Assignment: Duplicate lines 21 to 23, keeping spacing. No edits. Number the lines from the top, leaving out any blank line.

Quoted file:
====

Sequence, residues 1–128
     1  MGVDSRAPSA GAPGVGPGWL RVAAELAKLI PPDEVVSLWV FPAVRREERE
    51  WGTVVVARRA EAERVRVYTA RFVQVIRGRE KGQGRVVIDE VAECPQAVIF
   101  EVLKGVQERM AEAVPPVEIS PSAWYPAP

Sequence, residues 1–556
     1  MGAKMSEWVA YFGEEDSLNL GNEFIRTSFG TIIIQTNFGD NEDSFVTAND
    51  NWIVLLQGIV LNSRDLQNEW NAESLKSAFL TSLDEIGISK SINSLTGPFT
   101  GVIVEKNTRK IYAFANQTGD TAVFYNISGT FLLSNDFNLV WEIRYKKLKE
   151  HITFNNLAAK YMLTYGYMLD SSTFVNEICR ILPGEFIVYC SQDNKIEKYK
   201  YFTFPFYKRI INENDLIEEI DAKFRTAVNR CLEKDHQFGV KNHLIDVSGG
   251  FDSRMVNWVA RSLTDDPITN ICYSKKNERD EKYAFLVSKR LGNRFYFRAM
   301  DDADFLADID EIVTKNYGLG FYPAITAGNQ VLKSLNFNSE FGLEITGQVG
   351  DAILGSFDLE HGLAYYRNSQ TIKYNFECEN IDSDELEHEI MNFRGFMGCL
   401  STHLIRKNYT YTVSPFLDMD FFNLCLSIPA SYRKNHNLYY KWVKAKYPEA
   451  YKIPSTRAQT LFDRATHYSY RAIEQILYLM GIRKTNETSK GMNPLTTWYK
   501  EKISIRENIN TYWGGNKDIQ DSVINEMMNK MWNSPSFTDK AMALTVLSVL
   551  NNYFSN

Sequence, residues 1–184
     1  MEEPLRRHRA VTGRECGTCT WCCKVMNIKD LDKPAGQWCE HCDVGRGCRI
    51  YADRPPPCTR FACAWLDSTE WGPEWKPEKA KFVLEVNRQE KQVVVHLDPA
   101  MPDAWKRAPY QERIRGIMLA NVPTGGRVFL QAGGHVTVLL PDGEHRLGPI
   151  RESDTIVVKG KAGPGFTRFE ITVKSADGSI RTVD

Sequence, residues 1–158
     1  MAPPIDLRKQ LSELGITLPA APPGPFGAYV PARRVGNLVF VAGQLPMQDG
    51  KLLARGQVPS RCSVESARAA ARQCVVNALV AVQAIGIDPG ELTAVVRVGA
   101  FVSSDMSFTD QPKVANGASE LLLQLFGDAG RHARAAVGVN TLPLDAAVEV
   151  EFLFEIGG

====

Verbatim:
   101  MPDAWKRAPY QERIRGIMLA NVPTGGRVFL QAGGHVTVLL PDGEHRLGPI
   151  RESDTIVVKG KAGPGFTRFE ITVKSADGSI RTVD

Sequence, residues 1–158